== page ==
However, Dyslexia causes very specific handwriting problems that can be directly linked back to it. The study found that children with Dyslexia performed equally well in the drawing tasks and only struggled with writing tasks.
This study helps rule out the possibility of low graphomotor skills as the main cause of poor handwriting in Dyslexic Individuals.
Some of the common handwriting problems caused by Dyslexia are explained below.
Inaccuracy in handwriting is the primary factor affected by Dyslexia. Learners often struggle to write down their ideas and homework with the right letter direction, spelling, and formation.
Letter reversal is a common occurrence where students often mistake one letter for another. This usually happens with mirrored letters such as ‘b’, ‘d’, ‘q’, and ‘p’. For example, affected individuals may write the word “bad” as “dab” or “dad” without realizing the mistake.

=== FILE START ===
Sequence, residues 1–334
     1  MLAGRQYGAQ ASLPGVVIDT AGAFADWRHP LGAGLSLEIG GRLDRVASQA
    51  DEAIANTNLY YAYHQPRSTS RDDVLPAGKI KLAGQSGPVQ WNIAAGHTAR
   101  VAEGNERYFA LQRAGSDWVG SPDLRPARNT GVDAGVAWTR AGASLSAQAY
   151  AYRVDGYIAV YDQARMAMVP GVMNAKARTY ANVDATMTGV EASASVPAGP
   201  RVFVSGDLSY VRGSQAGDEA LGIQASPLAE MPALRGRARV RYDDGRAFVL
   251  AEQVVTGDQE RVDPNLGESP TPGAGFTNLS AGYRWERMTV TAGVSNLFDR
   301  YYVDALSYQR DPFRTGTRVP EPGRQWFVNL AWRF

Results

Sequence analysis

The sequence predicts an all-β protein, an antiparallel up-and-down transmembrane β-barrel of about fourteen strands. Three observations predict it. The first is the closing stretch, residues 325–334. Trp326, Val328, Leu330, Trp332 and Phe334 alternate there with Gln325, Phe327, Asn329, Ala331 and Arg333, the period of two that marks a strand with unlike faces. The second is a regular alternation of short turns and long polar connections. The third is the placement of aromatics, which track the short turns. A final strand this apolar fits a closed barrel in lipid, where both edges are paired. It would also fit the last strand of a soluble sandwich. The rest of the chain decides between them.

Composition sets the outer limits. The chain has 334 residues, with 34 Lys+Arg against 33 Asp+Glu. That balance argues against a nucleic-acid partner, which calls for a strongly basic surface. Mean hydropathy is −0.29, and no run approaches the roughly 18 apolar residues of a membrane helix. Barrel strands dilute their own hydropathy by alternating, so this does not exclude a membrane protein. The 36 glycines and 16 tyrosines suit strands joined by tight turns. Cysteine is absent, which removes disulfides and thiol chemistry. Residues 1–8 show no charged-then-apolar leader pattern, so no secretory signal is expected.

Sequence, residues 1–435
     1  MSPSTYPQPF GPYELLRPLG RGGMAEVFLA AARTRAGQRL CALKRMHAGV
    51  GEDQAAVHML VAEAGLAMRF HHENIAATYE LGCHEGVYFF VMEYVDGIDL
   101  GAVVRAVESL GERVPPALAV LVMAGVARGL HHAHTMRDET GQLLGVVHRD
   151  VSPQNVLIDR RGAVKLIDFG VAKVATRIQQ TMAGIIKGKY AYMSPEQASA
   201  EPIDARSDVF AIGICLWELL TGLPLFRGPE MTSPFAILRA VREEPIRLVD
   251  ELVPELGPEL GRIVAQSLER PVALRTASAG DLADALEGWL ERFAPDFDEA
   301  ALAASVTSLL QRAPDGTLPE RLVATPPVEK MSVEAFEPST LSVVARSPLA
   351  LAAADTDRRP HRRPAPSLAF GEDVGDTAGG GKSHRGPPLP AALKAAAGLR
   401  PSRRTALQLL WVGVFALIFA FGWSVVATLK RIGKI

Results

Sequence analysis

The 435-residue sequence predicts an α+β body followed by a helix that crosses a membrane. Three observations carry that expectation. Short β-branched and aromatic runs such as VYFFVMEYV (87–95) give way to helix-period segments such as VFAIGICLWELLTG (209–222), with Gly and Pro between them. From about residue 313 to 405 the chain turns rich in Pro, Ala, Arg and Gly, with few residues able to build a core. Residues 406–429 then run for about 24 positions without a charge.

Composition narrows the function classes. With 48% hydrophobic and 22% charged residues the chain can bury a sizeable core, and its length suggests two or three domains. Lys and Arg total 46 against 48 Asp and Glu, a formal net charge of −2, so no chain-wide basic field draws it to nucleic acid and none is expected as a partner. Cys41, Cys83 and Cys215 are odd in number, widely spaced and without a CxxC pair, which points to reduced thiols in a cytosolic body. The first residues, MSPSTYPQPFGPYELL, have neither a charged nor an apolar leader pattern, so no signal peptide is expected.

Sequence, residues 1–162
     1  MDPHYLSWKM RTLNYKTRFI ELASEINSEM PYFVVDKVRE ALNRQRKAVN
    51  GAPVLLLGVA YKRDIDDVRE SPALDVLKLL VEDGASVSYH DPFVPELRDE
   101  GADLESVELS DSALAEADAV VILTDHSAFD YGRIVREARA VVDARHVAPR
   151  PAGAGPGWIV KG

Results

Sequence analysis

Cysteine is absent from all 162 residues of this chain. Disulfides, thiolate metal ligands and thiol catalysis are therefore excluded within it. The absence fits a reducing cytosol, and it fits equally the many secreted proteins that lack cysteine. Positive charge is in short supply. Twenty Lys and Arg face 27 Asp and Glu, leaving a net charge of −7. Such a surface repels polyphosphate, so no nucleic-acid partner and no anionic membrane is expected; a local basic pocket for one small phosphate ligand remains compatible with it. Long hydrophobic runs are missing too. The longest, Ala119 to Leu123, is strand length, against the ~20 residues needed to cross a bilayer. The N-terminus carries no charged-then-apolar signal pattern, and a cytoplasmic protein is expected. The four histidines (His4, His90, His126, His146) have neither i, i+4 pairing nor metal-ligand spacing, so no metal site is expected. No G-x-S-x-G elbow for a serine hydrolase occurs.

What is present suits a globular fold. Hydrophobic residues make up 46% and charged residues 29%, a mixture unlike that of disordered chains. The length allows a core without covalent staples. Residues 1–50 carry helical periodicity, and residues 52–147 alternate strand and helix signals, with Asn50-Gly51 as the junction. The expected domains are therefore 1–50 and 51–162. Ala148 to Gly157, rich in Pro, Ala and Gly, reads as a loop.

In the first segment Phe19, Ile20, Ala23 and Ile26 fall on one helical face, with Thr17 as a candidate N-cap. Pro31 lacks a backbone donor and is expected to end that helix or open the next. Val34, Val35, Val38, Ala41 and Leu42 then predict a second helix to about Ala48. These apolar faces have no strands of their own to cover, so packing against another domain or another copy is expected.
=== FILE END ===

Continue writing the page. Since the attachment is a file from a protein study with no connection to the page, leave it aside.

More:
Along with letters, word reversals such as writing “saw” as “was” and “mad” as “dam” is also common. This leads to the writing material carrying more errors than the average person. Young learners who do not receive intensive support and appropriate writing instructions struggle with capitalization as well.
They may use uppercases and lowercases interchangeably within both the starting of a sentence and within words.
Writing effectively involves recreating a specific shape attached to each letter than makes it unique from other letters.
Individuals with Dyslexia have a hard time linking a specific word in their head to its visual composition. This often causes misspelling as the needed letters of one word are often a guess rather than based on memory.